Sustainability (ISSN 2071-1050) is an international and cross-disciplinary scholarly, open access journal of environmental, cultural, economic and social sustainability of human beings, which provides an advanced forum for studies related to sustainability and sustainable development. It publishes reviews, regular research papers, communications and short notes, and there is no restriction on the length of the papers.
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  • Spatiotemporal Analysis of Fire Foci and Environmental Degradation in the Biomes of Northeastern Brazil

    José Francisco de Oliveira-Júnior; Munawar Shah; Ayesha Abbas; Washington Luiz Félix Correia Filho; Carlos Antonio da Silva Junior; Dimas de Barros Santiago; Paulo Eduardo Teodoro; David Mendes; Amaury de Souza; Elinor Aviv-Sharon (MDPI AG, 2022-06-01)
    Forest fires destroy productive land throughout the world. In Brazil, mainly the Northeast of Brazil (NEB) is strongly affected by forest fires and bush fires. Similarly, there is no adequate study of long-term data from ground and satellite-based estimation of fire foci in NEB. The objectives of this study are: (i) to evaluate the spatiotemporal estimation of fires in NEB biomes via environmental satellites during the long term over 1998–2018, and (ii) to characterize the environmental degradation in the NEB biomes via orbital products during 1998–2018, obtained from the Burn Database (BDQueimadas) for 1794 municipalities. The spatiotemporal variation is estimated statistically (descriptive, exploratory and multivariate statistics) from the Normalized Difference Vegetation Index (NDVI), Enhanced Vegetation Index (EVI) and Standardized Precipitation Index (SPI) through the Climate Hazards Group InfraRed Precipitation Station (CHIRPS). Moreover, we identify 10 homogeneous groups of fire foci (G1–G10) with a total variance of 76.5%. The G1 group is the most extended group, along with the G2 group, the exception being the G3 group. Similarly, the G4–G10 groups have a high percentage of hotspots, with more values in the municipality of Grajaú, which belongs to the agricultural consortium. The gradient of fire foci from the coast to the interior of the NEB is directly associated with land use/land cover (LULC) changes, where the sparse vegetation category and areas without vegetation are mainly involved. The Caatinga and Cerrado biomes lose vegetation, unlike the Amazon and Atlantic Forest biomes. The fires detected in the Cerrado and Atlantic Forest biomes are the result of agricultural consortia. Additionally, the two periods 2003–2006 and 2013–2018 show periods of severe and prolonged drought due to the action of El Niño.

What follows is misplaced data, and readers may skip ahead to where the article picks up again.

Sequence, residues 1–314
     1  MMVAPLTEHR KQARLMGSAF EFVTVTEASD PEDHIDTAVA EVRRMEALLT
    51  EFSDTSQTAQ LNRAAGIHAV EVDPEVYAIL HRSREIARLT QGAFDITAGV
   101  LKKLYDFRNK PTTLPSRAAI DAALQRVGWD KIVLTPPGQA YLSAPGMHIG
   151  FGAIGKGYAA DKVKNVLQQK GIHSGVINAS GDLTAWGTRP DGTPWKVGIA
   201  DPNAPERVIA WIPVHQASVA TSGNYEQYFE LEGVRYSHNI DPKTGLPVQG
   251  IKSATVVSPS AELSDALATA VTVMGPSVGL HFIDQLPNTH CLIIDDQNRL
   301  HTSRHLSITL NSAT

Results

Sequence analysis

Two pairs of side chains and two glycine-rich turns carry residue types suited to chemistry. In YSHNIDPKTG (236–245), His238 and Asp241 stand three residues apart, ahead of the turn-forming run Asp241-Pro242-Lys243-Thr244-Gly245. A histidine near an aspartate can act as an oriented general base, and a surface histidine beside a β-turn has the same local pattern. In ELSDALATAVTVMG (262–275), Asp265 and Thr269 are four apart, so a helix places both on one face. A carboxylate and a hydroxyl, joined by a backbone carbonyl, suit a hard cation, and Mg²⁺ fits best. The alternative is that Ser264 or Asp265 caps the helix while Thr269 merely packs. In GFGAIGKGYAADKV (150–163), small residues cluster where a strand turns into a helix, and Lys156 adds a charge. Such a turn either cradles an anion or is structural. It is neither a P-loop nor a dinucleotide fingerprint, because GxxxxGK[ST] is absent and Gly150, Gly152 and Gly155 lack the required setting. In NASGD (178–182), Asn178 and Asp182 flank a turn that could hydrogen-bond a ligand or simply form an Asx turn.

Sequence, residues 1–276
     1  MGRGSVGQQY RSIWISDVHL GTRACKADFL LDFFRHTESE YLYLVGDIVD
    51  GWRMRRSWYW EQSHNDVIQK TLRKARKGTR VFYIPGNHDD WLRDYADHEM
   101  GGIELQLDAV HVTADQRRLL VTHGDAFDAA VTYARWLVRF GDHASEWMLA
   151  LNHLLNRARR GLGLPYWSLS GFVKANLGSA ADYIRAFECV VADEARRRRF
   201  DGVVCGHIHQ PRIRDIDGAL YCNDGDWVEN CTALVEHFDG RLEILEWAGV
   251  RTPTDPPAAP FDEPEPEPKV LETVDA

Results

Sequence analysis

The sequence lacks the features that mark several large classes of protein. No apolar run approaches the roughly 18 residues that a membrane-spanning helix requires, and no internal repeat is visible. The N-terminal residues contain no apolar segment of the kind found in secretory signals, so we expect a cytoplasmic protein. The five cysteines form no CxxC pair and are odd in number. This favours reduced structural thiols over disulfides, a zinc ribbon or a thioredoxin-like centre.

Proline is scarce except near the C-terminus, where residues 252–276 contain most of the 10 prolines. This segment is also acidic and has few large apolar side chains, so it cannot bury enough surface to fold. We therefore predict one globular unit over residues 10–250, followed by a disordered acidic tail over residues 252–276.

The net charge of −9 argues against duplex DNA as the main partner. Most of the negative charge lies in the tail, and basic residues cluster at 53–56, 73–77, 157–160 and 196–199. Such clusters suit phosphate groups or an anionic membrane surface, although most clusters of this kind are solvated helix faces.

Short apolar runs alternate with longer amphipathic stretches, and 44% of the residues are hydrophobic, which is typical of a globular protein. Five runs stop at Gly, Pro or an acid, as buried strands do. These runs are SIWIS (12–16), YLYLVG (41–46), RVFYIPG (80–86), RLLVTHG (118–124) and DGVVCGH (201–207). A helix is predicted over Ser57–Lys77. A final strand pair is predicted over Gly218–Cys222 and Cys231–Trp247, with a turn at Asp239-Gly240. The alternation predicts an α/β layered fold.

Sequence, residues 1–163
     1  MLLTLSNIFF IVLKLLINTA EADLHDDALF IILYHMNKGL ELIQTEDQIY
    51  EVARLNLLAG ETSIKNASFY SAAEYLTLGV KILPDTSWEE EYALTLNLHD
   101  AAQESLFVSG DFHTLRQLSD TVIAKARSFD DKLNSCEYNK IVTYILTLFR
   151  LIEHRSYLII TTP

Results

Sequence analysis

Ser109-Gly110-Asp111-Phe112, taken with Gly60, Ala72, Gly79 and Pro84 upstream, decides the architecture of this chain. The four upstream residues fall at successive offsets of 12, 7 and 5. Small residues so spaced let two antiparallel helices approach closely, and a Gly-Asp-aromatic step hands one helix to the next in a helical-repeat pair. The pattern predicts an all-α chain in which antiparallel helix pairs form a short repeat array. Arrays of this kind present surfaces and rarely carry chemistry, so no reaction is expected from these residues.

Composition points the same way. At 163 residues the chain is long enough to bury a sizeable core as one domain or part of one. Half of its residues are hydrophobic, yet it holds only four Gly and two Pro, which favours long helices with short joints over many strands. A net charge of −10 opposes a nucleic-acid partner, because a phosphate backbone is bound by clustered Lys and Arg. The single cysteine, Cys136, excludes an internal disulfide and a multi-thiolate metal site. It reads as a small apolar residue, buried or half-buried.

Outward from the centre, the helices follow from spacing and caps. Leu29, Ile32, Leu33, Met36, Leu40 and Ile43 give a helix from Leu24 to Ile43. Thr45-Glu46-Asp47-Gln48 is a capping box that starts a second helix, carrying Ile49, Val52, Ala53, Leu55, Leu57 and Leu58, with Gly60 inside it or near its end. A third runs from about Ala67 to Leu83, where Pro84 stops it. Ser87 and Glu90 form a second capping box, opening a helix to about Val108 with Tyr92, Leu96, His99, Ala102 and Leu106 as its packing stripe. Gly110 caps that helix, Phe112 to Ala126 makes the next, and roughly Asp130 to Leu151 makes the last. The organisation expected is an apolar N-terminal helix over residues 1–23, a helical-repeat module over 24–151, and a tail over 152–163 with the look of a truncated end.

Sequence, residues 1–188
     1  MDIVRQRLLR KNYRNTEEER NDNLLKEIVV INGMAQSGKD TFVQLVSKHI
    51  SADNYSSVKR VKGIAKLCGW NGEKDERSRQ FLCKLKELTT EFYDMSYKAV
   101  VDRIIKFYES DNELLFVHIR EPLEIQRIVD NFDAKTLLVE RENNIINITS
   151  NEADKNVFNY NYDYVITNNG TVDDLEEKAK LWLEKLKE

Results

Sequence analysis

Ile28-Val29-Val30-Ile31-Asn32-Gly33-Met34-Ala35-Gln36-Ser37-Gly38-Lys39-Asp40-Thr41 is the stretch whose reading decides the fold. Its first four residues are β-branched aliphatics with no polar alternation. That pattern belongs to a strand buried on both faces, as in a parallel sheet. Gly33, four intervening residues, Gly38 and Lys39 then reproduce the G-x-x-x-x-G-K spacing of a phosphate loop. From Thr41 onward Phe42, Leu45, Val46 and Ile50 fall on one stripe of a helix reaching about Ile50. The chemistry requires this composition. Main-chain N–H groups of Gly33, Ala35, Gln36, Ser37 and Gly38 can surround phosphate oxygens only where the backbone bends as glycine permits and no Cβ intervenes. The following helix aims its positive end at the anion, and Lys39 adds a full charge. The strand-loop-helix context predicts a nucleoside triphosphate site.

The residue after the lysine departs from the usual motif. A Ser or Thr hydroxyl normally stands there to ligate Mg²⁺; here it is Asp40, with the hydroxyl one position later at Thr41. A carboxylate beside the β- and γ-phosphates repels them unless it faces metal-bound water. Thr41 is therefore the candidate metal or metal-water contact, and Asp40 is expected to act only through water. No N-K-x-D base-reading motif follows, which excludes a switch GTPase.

• Artisanal and Small-Scale Gold Mining (ASGM): Management and Socioenvironmental Impacts in the Northern Amazon of Ecuador

    Carlos Mestanza-Ramón; Demmy Mora-Silva; Giovanni D’Orio; Enrique Tapia-Segarra; Isabel Dominguez Gaibor; José Fernando Esparza Parra; Carlos Renato Chávez Velásquez; Salvatore Straface (MDPI AG, 2022-06-01)
    Mining is one of the oldest economic activities of mankind. Within this activity, artisanal and small-scale gold mining (ASGM) is one of the most studied sectors due to its high level of environmental contamination and the social problems it causes. In recent years, ASGM in the northern Amazon of Ecuador has increased significantly, and studies that describe its current situation and impact are scarce. In this sense, the present study aimed to analyze the current status and socioenvironmental impacts caused by ASGM gold mining activities in the Cascales canton in the province of Sucumbíos in northeastern Ecuador. The methodological tools used in the present study were a literature review of scientific and gray literature, field visits to assess perceived impacts and an expert judgment to discuss the results and establish challenges. The main results indicate that illegal and informal activities continue to be carried out in the upper zone of the Cascales and Duvino rivers; 90% of local miners still use mercury in this activity, although it is legally prohibited. Among the main impacts evidenced are the contamination of water bodies, soil and atmosphere due to the use of mercury and disturbance to flora and fauna due to the use of machinery in the exploration process. Finally, the government should focus efforts on strengthening public policies to socialize the importance of good environmental practices in ASGM and the effects of the impacts on human health and environmental issues, all this with the support of social actors, such as ministries, universities, NGOs, ASGM associations and private enterprise.
  • Research on the Effect of an Entrepreneurial Environment on College Students’ Entrepreneurial Self-Efficacy: The Mediating Effect of Entrepreneurial Competence and Moderating Effect of Entrepreneurial Education

    Lie Luo; Meiwen Guo; Jiehua Huang; Jialin Yang (MDPI AG, 2022-05-01)